Backs Brandon Ross and Wes Brown are steady, solid rushers, but don’t have exceptional breakaway speed. WVU also layers the odd stack very effectively so as to avoid giving up the big play. It was in its prime form against Alabama, when it forced the Tide to gain yardage in chunks rather than begin ripping off major yardage even with the Mountaineers tiring in the second half. Many Tide pundits expressed surprise at this, as even with backs like All-American T.J. Yeldon and Derrick Henry – who both went over 100 yards – were forced to work for the vast majority of their yardage.
Brown had 61 yards on 13 carries versus USF, while Ross had only 25 yards on six carries after multiple lost fumbles benched him. His replacement, Albert Reid – who had a brief flirtation with joining the Mountaineer program – garnered 34 yards on eight rushes. Those aren’t, again, exceptionally explosive plays, and the specialty of the odd stack is its ability to make foes drive the field in chunks, then tighten in the red zone.
West Virginia should also be able to bring some pressure on Brown, who has solid mobility, but has become erratic when flushed from the pocket. Brown has forced passes down the field, to the point where Edsall had to pull his quarterback aside for more private conversations about not forcing passes. If the front three, or four, or five – pending whom and from where Gibson decided to bring heat – can make Brown move his feet and not be set, while also keeping some contain and maintaining leverage, the Terrapins passing game will be much more limited even with a pair of preseason All-Big Ten talents.
Watch the downs, distances and situations in which Gibson decides to unleash the pressure, and from where the blitz comes. Also see if WVU’s linebackers are taking intelligent angles to the ball and, perhaps even more importantly, tackling well in space. This should happen within the run game up the middle. As long as ends Dontrill Hyman and Noble Nwachukwu, and back-up Eric Kinsey, can hold the point of attack and keep the blockers on the inside hip with a free arm to wrap – don’t get caught up in traffic, in other words – they should be able to, if not make a play, then spill the run game into players already filling gaps from the second level.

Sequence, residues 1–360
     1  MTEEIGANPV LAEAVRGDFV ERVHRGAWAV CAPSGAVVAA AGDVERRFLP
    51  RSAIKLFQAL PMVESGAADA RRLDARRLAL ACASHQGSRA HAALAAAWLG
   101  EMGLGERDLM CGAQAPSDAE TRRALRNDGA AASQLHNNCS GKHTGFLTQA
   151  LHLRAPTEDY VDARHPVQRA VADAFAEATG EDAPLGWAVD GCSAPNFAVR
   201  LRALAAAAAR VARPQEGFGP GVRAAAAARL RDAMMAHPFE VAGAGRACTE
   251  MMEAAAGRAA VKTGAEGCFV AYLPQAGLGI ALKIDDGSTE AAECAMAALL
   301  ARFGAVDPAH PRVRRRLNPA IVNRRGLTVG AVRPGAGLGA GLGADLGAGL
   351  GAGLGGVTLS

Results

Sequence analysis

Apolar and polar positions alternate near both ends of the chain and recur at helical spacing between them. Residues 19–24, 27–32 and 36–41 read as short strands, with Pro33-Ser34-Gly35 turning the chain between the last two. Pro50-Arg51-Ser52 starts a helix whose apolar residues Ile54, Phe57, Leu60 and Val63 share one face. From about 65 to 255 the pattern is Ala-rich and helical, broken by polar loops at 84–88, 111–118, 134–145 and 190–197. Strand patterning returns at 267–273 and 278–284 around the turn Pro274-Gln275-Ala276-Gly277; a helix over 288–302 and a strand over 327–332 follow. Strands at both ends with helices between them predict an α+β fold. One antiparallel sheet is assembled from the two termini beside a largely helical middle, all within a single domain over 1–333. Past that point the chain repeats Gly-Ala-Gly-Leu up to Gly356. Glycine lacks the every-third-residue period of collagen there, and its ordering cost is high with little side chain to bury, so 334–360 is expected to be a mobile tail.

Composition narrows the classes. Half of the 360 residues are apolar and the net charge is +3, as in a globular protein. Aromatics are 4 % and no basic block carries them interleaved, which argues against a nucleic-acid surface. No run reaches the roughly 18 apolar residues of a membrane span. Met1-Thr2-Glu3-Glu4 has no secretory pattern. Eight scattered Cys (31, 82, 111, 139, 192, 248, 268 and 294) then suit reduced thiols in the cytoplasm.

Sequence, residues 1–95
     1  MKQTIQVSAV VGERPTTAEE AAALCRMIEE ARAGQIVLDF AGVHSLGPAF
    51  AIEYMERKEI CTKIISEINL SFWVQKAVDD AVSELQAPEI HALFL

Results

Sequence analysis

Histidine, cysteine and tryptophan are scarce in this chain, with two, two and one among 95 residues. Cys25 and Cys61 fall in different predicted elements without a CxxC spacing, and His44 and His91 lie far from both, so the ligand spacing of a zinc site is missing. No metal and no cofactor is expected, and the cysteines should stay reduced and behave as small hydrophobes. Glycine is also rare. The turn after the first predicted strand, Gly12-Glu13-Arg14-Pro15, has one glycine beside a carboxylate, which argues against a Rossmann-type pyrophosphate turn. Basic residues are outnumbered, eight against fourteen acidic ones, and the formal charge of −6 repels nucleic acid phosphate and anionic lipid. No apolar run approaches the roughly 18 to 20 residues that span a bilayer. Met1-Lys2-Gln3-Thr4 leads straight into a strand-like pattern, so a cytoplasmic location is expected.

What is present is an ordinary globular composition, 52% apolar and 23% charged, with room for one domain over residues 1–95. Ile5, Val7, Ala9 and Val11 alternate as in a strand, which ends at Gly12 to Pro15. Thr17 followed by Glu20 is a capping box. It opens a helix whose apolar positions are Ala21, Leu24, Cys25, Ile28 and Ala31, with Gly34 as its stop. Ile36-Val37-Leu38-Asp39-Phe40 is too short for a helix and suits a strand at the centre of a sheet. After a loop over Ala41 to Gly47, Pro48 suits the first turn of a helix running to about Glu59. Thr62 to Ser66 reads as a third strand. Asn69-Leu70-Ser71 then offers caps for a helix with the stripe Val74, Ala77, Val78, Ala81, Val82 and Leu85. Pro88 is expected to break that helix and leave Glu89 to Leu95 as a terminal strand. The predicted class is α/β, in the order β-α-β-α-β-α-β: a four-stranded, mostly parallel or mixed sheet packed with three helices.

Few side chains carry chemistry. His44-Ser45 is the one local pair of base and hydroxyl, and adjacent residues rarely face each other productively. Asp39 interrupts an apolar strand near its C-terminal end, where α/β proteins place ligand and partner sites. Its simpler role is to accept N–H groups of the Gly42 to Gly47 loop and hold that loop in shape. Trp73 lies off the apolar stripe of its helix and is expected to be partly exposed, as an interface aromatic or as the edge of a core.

Also, check in on the sam linebacker position to see if Wes Tonkery plays and, if so, how many snaps? Back-up Isaiah Bruce is a proven commodity, but he isn’t a proven-of-late commodity. It might take Bruce a series or two to get into the flow, or to simply settle down enough. But his time on the field, in the past as a starter and as a reserve against Towson last week, should severely limit this adjustments. There’s no question the Maryland run game presents a significant challenge, especially with having to worry about a mobile quarterback.
But with the angles, and the increased awareness of taking the extra half second to play under control and actually finish plays against a quarterback, it seems West Virginia should be able to at least limit UM’s effectiveness on the ground. And that typically leads to longer distances on second and third downs. Get behind the chains, and the entire playbook opens for Gibson.